★
★
★
★
★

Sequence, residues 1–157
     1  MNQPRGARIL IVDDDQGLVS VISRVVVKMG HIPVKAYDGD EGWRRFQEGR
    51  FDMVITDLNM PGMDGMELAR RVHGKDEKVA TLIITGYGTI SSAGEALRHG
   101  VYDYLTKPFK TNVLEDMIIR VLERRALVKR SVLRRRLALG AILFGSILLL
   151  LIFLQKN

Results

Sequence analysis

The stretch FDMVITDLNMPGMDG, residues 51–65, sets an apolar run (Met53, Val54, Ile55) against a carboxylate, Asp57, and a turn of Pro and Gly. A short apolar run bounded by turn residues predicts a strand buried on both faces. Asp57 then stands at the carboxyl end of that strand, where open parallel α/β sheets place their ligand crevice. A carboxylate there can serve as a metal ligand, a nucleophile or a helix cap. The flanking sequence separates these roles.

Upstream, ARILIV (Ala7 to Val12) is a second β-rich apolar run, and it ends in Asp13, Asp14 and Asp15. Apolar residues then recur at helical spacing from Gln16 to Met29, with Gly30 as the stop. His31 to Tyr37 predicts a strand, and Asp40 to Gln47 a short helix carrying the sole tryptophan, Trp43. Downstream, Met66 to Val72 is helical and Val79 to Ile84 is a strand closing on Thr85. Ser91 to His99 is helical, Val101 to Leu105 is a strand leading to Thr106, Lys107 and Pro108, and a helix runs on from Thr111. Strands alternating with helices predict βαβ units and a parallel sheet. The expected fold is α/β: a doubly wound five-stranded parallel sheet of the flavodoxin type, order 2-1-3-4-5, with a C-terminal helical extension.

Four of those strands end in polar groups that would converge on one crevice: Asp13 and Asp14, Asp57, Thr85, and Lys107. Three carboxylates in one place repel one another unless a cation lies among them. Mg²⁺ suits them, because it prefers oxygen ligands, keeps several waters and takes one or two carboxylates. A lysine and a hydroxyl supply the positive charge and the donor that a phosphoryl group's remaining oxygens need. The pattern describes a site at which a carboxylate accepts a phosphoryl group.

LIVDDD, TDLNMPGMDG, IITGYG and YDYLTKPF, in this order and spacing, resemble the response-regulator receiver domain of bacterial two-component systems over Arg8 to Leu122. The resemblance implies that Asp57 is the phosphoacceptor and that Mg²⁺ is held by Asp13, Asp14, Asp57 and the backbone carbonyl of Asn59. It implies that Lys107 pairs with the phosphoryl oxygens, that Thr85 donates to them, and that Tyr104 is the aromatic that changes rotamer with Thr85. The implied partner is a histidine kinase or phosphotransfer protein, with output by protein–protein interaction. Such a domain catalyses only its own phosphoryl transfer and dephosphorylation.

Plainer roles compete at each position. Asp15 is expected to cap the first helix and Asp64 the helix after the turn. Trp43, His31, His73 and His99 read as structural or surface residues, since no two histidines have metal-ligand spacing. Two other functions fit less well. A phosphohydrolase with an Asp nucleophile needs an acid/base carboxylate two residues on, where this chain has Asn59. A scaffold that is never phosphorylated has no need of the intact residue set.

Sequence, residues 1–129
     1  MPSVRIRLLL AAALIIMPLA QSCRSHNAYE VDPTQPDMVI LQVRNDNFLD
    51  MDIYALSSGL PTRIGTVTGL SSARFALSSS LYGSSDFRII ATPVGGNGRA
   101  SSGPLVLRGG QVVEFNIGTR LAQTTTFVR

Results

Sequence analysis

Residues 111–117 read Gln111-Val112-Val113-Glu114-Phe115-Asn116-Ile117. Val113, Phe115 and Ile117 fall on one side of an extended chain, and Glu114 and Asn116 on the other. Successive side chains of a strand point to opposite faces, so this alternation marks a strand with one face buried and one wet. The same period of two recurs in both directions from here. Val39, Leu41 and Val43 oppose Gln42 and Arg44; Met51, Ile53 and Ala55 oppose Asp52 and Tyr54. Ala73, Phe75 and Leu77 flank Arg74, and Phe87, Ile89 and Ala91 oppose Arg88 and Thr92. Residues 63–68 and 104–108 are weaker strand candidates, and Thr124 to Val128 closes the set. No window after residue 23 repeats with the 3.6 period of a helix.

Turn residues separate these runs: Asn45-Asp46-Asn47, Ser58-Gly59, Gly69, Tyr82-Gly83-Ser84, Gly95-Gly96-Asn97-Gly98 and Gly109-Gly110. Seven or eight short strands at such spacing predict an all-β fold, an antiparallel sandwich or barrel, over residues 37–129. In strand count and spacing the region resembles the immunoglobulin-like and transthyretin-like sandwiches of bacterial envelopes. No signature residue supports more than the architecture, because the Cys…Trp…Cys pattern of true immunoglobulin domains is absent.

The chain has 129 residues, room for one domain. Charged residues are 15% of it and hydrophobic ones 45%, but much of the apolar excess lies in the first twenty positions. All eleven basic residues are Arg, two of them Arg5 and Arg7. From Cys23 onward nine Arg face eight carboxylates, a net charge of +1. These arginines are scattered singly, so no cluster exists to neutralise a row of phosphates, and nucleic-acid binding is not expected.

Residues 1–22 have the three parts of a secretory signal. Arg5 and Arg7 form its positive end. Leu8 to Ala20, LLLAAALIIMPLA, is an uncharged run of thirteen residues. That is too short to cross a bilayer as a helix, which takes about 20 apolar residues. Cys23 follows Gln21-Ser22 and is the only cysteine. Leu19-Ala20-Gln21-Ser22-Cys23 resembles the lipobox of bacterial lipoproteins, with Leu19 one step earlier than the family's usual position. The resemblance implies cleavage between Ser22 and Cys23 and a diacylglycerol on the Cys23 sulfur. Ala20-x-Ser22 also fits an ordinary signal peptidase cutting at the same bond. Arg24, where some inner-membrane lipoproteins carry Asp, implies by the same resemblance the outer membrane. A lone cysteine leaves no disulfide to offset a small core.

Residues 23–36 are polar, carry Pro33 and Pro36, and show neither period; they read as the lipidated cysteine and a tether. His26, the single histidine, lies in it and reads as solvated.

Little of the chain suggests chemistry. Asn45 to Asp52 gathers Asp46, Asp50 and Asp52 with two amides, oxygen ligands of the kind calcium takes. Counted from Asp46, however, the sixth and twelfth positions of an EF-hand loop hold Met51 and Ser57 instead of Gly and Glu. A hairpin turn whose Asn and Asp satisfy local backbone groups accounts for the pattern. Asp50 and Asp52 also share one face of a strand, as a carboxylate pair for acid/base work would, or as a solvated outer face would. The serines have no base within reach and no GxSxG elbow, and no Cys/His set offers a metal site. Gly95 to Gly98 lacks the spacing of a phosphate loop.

"During today's session, we started with some Spanish review of a worksheet testing the difference between the imperfect and preterite past tenses. The student had a list of rules for each tense to help differentiate them; preterite generally serves to advance a narrative and has either an explicitly labeled date/time of action or, from context, a definite ending point. She did very well in this exercise and was excellent in her understanding of the differences between the two tenses; the one area where she needs a little more review is the conjugation of the verbs themselves, which comes down to making flashcards or just repetition of the regular -ar, -er and -ir imperfect/preterite endings, as well as the most common irregular verb endings. After finishing Spanish review, we continued with physics, in which she has an exam this Friday. Her class is continuing their study of motion, kinematics, and she has moved from uniform motion (linear position, constant velocity) to motion with uniform acceleration (quadratic position, linear velocity, and constant acceleration). Acceleration itself is the change in velocity over a given period of time-- what her class is focusing on specifically is the relationship between position, velocity and acceleration over the same period of time of the same motion of a given object. These relationships, while difficult to see immediately, are fortunately always the same. Graphically, we are always comparing slopes. If given a diagram with some description of motion of an object, we can map the quadratic position function using the diagram itself to see how fast it's initially moving, where it will accelerate, decelerate, stay the same speed or stop. Once we have the position graph, the steps that follow will be the same for every single problem of this sort: we will look at the slope. The velocity graph is drawn as the value of the slope for each corresponding point in time of position. So if at t=1, the slope on the position graph is 4, the velocity at t=1 is 4; this is called instantaneous velocity, or velocity at a specific point in time (different from average velocity, which we have also looked at, which is an average of the entire course of movement of an object). To graph velocity then, we look at how the slope of the position changes and graph accordingly, knowing the velocity will always be linear with uniform acceleration. When we have graphed velocity, we use these same steps listed above to draw our acceleration graph. Because we already know that acceleration is uniform, we know that our graph of acceleration will have 1 or more only horizontal lines-- we graph the slope of velocity in our acceleration graph. She and I went over multiple practice problems to get these methods down, as well as see the different paths of quadratic movement and how it relates to velocity and acceleration. She felt more comfortable with the material, and I encouraged her to look carefully at her review sheet that she will receive the day after our session to make sure that she can do problems of this nature completely on her own and with confidence. I feel very good about her progress, and I am confident that she will do well on her test-- her grade in this class is hovering around B+/A-, and I believe she will push this up moving towards the end of the year."